Role of police better than ‘netas’ in dealing with migrants: Former top cops

New Delhi, 17 May (IANS) Barring a few incidents, the role of police in dealing with migrating labourers has been better than political leaders and local civil administration, feel former top cops.
“The Police have been on the frontline of this battle. They have been more or less lenient with them (labourers)”, says former DGP, Uttar Pradesh Prakash Singh. On sporadic incidents of police force being used on labourers, former Chief of Border Security Force Ajay Raj Sharma said, “Such incidents are an exception. The role of police during this pandemic is better than netas (politicians). I can quote several instances, where police are serving food and arranging transport for labourers out of their pocket.”
Senior police officers feel that men in khaki have a limited role to play in a situation which leads to one of the biggest-ever exodus of people in recent times.
“Poor labourers are dying from dehydration. They have been killed in road accidents. Kids are suffering from heat, humidity. And almost all of them are battling hunger and have been left penniless. Tell me in such a pathetic situation what can the police do? The primary responsibility is of the civil administration and state governments to take care of the workers marching on foot for hundreds of kilometers”, says Neeraj Kumar, former Police Commissioner of Delhi.
Reacting to a story of a labourer who set out on bicycle from Bangalore, carrying his old mother to Kota in Rajasthan, former IPS officer, Neeraj Kumar said, “The man crossed several states. It took him weeks to cycle on various highways. But the state governments, local administration did not intervene. The story remains the same for the rest. I feel bureaucracy has turned out to be a mute spectator (to mass migration).”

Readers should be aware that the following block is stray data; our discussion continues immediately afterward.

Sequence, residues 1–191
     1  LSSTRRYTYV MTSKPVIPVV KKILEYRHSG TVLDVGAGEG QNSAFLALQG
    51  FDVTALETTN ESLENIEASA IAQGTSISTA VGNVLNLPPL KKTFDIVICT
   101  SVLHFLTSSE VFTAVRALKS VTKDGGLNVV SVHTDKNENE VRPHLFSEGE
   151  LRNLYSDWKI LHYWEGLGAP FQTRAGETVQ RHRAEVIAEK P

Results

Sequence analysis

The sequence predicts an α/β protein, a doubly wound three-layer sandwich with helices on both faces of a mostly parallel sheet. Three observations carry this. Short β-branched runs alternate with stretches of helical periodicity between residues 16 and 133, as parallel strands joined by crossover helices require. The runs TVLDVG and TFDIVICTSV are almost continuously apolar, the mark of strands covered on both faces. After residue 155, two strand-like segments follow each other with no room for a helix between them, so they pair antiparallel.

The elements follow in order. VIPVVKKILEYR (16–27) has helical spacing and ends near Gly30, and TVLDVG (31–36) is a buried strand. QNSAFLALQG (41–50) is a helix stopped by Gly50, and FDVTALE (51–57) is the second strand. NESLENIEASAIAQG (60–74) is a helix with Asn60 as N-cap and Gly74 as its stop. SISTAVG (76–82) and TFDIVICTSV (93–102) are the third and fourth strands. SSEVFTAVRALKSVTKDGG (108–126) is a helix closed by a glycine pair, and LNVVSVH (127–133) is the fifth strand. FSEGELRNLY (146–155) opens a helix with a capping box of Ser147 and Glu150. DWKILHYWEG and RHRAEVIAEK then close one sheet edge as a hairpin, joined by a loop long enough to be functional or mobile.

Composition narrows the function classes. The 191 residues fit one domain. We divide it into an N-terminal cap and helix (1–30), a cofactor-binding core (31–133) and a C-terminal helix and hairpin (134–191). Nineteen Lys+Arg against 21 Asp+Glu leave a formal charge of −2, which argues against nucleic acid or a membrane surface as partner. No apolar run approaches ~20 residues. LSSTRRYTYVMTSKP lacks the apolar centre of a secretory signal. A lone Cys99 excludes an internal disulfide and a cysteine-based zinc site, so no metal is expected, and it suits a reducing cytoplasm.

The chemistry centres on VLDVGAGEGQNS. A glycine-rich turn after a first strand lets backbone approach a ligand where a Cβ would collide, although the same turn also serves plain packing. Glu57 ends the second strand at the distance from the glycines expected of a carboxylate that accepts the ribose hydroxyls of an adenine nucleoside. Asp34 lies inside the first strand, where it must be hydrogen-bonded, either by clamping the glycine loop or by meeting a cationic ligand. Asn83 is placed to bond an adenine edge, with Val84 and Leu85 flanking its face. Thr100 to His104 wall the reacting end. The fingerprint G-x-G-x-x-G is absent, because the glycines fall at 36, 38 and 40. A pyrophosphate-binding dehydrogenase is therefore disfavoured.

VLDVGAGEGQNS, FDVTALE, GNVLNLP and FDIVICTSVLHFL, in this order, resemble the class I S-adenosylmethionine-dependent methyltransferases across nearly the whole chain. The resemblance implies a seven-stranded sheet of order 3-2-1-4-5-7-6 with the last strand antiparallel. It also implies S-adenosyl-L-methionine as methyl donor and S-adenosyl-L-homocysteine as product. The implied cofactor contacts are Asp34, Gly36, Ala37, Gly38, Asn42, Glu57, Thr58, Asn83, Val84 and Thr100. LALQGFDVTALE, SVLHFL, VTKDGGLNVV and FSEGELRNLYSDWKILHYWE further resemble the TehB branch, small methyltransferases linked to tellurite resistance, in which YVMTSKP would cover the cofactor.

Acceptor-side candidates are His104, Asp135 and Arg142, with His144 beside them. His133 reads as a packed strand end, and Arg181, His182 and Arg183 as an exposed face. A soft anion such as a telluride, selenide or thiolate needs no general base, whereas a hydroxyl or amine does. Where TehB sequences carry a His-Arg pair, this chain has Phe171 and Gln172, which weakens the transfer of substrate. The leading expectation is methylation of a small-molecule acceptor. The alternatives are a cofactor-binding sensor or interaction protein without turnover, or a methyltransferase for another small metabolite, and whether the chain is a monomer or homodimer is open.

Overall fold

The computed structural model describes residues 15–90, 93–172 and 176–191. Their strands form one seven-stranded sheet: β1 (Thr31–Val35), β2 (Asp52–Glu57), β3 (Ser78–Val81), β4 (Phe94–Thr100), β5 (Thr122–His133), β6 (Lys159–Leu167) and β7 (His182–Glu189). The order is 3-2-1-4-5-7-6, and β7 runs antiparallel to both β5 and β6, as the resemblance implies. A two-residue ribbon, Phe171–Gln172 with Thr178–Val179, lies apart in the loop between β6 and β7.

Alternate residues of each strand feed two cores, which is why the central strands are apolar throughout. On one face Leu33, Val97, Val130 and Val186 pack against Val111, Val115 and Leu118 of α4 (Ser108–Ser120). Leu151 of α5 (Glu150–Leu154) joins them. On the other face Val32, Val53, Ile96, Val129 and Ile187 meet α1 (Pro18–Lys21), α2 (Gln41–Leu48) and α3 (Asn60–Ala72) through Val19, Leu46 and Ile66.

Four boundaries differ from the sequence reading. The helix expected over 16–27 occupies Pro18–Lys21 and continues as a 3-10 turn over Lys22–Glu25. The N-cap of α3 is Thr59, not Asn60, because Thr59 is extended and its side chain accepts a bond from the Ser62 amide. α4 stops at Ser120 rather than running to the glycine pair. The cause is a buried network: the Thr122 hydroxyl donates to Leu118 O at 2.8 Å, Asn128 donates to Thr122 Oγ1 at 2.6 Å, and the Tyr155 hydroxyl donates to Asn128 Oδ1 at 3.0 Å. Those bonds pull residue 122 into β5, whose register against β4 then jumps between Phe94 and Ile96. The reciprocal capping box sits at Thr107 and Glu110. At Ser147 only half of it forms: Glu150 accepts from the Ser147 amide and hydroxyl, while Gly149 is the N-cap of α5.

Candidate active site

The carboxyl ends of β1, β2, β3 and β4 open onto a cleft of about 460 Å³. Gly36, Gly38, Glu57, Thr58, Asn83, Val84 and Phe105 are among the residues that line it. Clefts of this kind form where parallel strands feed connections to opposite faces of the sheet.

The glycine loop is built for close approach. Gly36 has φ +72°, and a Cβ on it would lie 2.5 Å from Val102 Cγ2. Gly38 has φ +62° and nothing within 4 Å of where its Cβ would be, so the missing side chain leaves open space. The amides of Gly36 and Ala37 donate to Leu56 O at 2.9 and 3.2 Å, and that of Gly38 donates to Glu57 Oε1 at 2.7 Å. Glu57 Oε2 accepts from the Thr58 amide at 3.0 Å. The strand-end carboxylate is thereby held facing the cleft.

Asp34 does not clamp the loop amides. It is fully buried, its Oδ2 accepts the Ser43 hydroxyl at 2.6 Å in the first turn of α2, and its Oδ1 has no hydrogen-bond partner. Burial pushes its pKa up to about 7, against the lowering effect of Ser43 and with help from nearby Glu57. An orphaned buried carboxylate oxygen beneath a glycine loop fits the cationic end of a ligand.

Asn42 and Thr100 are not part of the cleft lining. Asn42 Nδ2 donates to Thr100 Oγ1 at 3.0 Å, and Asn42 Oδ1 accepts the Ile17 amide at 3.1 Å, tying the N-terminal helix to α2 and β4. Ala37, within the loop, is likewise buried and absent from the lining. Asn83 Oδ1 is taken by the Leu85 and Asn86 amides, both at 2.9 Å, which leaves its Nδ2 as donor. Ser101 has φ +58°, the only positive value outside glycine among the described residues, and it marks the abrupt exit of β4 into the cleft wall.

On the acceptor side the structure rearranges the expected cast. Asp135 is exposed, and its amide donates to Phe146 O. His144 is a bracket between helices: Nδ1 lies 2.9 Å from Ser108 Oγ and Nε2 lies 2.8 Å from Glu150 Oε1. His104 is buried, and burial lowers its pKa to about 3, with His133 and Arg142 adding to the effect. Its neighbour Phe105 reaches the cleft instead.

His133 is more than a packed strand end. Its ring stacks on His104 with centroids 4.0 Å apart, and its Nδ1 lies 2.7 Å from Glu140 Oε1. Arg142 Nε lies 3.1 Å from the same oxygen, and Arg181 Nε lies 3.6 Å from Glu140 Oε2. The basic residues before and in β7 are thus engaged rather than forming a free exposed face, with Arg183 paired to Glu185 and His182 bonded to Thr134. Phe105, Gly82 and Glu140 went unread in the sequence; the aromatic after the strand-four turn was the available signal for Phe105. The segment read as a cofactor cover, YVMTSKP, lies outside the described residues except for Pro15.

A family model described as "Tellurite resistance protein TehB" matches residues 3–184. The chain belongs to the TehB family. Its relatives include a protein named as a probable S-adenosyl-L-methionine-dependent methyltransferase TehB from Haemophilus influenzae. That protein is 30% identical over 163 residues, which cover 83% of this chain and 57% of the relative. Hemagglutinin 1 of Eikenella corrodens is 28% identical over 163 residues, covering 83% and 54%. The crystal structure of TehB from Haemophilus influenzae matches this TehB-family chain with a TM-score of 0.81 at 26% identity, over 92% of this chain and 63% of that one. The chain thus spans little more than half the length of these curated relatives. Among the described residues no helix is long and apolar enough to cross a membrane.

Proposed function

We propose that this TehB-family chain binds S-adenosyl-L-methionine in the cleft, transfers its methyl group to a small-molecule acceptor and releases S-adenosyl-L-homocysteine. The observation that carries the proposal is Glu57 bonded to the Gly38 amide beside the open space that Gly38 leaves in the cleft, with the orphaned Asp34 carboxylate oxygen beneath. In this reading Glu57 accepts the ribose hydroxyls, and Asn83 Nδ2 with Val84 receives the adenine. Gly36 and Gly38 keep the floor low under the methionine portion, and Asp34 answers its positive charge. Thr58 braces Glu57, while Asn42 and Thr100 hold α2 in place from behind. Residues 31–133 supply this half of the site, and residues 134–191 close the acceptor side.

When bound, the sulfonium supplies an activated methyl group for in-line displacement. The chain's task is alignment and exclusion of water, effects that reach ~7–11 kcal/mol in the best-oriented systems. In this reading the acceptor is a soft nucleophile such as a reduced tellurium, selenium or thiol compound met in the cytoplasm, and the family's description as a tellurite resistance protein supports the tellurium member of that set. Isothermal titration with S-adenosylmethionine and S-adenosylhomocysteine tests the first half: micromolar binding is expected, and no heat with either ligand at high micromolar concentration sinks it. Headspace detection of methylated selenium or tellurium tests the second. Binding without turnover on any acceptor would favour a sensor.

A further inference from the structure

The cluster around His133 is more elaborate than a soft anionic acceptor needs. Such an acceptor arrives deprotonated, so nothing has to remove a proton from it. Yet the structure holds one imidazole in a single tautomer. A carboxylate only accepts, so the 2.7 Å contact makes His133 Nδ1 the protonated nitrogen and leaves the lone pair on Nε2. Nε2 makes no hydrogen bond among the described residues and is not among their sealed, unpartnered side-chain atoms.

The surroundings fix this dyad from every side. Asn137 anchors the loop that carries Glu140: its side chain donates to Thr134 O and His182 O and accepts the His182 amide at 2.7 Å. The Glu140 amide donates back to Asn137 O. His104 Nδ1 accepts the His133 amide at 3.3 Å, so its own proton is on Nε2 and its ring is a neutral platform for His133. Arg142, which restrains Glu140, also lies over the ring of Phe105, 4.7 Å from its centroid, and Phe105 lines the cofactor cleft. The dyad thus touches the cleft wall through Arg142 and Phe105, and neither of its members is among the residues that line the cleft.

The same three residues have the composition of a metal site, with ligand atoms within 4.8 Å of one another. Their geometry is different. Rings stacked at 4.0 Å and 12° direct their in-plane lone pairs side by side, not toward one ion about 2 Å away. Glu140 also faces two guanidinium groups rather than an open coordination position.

The lack of in-depth planning while strategising implementation of lockdown is one reason behind a large-scale reverse migration of labourers.
“The overall concept of lockdown and its initial implementation was fine. But on the issue of migration of labourers, policy-makers seem to have lacked the foresight on the exodus front….They just missed the point that such a large-scale migration can take place as a fallout of complete lockdown,” says Prakash Singh. “The response to run trains and buses for the migrating labourers came a bit late. The decision (of providing transport) was taken when millions of labourers have already set out on foot to reach home. Now in such a chaotic situation, and that too during a pandemic, how can police prevent this exodus?”
Whenever the administration fails, often the police is made the scapegoat, feels Kashmir Singh, the 1978 batch IPS officer who was the first police officer to serve as Joint Secretary in Ministry of Home Affairs.
“When thousands of labourers from Delhi broke lockdown norms and flocked to the Anand Vihar bus terminal a month ago, then police were blamed for the disorder. But I believe lack of coordination between state governments and a disconnect with the executives (on the ground) and decision-makers was more responsible for what went wrong on Anand Vihar terminal,” says Kashmir Singh, one of the well-known police officers of Uttar Pradesh.
According to him, while chalking out public policies and norms, it should be kept in mind what could be the fallout of such policies or the problem faced by the last man on the street.
The police have been shown using force on migrating labourers, in several videos going viral on social media. Top police officers feel that sometimes, some policemen do lose patience and react in an inhuman way. “Often the lower-rung constable, who performs an arduous duty in such hot temperatures, gets irritated. Such incidents can be counted on fingers. But if we take a comprehensive view of the role of police, the image has gone stronger…as a covid warrior, they have braved the menace of the pandemic,” says Rajnikant Mishra, former DG BSF.
“Nevertheless, the police should be compassionate and extend a helping hand to these labourers. The district police chiefs should interact with the constabulary and guide them to be more empathetic towards the poor, who are facing the actual fallout of the lockdown. But allow me to say that the role of police in these depressing moments needs appreciation,” said Mishra.

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